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#Harperman

31 Aug

Originally posted by at #Harperman

Tony Turner worked at Environment Canada. After releasing his protest song Harperman in June, he was recently put on leave for impartiality.

In 1991, the Supreme Court ruled that Canadian public servants have the same Charter rights as private citizens during election periods. In particular,

an employee may engage in any political activity so long as it does not impair, or is not perceived as impairing, the employee's ability to perform his or her duties in a politically impartial manner.

Although Turner was within a month of retirement, his union is fighting the suspension, claiming that his work — tracking migratory birds — was not being done impartially, and that partiality is allowed as long as it is not related to one's job.

Globe and Mail:

"None of our materials say he's a public servant. He's performing as an artist. Besides freedom of speech, there's an issue of artistic expression here," Mr. Hall said.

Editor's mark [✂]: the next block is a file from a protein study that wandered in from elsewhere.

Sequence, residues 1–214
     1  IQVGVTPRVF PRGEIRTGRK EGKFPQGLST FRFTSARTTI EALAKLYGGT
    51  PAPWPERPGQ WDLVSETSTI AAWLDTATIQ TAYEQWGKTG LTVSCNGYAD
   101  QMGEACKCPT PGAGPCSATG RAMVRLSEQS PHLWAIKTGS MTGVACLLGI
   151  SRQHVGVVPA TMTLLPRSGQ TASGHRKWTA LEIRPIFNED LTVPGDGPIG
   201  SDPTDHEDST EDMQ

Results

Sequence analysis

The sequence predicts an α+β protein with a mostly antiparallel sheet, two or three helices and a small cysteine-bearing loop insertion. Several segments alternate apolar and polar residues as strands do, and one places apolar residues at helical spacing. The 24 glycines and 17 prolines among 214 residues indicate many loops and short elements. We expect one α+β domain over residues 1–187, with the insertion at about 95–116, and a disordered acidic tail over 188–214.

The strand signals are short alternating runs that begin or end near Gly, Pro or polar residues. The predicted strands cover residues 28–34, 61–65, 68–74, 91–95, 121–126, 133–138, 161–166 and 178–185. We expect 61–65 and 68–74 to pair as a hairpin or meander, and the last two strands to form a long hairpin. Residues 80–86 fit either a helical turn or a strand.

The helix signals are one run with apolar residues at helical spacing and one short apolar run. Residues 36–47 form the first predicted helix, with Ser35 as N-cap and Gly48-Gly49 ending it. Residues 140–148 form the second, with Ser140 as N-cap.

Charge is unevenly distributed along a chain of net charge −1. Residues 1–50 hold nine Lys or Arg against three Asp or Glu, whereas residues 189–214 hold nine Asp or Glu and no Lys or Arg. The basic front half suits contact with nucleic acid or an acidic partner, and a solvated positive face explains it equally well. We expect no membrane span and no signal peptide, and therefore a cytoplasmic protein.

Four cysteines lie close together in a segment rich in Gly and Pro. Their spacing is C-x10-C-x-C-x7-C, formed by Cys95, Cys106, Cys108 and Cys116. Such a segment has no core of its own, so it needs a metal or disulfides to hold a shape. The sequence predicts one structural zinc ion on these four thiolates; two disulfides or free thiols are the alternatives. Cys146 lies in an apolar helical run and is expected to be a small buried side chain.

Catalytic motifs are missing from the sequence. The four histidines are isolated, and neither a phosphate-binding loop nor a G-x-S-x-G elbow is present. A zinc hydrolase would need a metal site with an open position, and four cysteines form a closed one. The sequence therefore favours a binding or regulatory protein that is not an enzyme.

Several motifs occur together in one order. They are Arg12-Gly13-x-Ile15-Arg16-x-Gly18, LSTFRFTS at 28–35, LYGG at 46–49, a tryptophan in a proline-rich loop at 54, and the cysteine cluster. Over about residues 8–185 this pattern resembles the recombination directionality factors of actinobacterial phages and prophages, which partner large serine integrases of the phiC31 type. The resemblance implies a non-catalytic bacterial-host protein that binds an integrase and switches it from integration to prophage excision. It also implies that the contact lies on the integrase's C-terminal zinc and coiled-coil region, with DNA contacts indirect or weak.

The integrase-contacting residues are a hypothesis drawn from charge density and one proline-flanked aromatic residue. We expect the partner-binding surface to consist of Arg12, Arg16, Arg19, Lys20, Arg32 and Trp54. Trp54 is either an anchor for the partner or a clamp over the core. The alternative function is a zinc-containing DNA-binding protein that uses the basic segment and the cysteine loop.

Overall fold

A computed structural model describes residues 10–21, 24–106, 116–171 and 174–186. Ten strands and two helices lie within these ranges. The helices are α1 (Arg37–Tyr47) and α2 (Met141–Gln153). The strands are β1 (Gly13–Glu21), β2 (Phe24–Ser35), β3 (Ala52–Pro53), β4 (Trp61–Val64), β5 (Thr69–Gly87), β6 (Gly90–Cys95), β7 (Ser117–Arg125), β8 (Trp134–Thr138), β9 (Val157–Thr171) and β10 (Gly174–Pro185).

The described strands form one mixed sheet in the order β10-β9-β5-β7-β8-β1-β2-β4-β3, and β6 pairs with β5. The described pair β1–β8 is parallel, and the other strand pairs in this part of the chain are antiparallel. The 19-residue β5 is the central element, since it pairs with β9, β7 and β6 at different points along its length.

National Post:

"The government risks giving this much more visibility than it warrants by launching an investigation. People will be on YouTube to look at this because they made it an issue."

CBC:

"In my view, regardless of what the Supreme Court might say, public servants should not become political actors, especially in the middle of campaigns," he said. "They are not political actors. We have political actors; they are politicians."

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Posted by on August 31, 2015 in Blogs

 

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